From CounterPunch: “The jettisoning of the chemical imbalance theory should have been uncontroversial twenty-five years ago, when it became clear to research scientists that it was a disproved hypothesis. In Blaming the Brain (1998), Elliot Valenstein, professor emeritus of psychology and neuroscience at the University of Michigan, detailed research showing that it is just as likely for people with normal serotonin levels to feel depressed as it is for people with abnormal serotonin levels, and that it is just as likely for people with abnormally high serotonin levels to feel depressed as it is for people with abnormally low serotonin levels. Valenstein concluded, ‘Furthermore, there is no convincing evidence that depressed people have a serotonin or norepinephrine deficiency.’ But how many Americans heard about this?

In a 2007 survey, 84.7 percent of 262 undergraduates believed it ‘likely’ that chemical imbalances cause depression. While I cannot locate a more recent survey, my experience with patients, the media, and even many doctors is that the majority of them continue to believe in the chemical imbalance theory of depression.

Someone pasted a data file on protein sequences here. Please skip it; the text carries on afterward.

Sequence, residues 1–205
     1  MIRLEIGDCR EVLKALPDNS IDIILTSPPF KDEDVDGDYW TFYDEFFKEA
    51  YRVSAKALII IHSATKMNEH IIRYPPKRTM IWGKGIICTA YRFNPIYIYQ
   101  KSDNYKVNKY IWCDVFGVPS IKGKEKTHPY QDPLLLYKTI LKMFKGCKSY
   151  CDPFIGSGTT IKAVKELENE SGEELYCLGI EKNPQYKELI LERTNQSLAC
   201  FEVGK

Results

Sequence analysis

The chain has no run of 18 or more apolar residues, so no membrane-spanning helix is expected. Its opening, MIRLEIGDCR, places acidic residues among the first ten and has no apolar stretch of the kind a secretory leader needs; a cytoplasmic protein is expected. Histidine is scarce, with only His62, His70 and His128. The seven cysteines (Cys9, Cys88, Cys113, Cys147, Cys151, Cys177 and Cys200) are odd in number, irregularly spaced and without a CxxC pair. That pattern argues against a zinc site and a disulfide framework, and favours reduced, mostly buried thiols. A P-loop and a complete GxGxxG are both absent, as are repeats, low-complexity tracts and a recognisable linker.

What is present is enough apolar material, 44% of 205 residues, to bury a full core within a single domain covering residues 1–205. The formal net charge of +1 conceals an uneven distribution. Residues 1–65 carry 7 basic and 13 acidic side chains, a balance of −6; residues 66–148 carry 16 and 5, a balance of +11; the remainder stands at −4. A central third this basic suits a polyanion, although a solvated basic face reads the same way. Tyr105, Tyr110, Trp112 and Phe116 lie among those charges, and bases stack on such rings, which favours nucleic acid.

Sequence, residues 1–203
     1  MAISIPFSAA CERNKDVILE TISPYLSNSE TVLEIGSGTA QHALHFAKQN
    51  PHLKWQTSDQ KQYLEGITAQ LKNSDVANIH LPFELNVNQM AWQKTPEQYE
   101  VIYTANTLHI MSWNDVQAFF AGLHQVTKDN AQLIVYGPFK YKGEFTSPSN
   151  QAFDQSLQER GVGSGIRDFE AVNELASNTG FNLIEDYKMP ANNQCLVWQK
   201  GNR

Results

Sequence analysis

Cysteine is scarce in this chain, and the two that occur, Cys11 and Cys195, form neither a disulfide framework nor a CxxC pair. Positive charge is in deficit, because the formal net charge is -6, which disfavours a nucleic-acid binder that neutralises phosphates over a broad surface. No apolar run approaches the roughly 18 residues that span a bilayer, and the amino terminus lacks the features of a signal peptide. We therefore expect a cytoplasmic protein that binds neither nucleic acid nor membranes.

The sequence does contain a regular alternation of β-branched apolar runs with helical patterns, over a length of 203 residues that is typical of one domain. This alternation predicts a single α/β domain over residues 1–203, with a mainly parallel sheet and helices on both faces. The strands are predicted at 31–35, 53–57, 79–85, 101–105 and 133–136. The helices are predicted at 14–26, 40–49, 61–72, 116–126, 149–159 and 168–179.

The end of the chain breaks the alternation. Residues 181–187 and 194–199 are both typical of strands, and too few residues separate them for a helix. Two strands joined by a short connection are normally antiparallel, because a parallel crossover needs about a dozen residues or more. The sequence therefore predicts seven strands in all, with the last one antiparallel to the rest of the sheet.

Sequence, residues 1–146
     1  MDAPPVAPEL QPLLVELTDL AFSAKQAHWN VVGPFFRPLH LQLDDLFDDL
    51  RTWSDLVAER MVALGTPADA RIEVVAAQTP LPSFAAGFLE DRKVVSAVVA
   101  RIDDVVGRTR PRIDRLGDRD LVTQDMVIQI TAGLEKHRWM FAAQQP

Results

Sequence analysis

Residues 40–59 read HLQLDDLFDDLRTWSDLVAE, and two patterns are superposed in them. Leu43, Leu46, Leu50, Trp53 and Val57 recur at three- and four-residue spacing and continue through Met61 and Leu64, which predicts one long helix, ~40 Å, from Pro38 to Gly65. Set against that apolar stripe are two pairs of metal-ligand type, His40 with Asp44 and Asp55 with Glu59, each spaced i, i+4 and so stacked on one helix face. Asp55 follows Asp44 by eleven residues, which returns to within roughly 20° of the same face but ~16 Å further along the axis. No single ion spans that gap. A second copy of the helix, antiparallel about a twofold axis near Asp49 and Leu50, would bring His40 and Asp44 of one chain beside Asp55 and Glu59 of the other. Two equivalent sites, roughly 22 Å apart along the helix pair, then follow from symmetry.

Somewhat analogously, a 2015 survey reported that 42 percent of all Americans—and 51 percent of Republicans—continue to believe that WMDs were found in Iraq. Once attached to a belief, it is difficult for many people to let go of it. Carl Sagan, a fierce advocate of skeptical inquiry, observed, ‘One of the saddest lessons of history is this: If we’ve been bamboozled long enough, we tend to reject any evidence of the bamboozle. We’re no longer interested in finding out the truth. The bamboozle has captured us. It’s simply too painful to acknowledge, even to ourselves, that we’ve been taken.’

. . . Apparently, authorities at the highest levels have long known that the chemical imbalance theory was a disproven hypothesis, but they have viewed it as a useful ‘noble lie’ to encourage medication use.

If you took SSRI antidepressants believing that these drugs helped correct a chemical imbalance, how does it feel to learn that this theory has long been disproven? Will this affect your trust of current and future claims by psychiatry? Were you prescribed an antidepressant not from a psychiatrist but from your primary care physician, and will this make you anxious about trusting all healthcare authorities?

Trust is important in all of healthcare, but it is absolutely vital in helping someone with depression. In my three decades plus as a practicing clinical psychologist, my experience is that depression is a reaction to loss and other pains, and a loss of trust is one of those pains. Thus, discovering that one has misplaced trust in a doctor can make one’s depression worse.”



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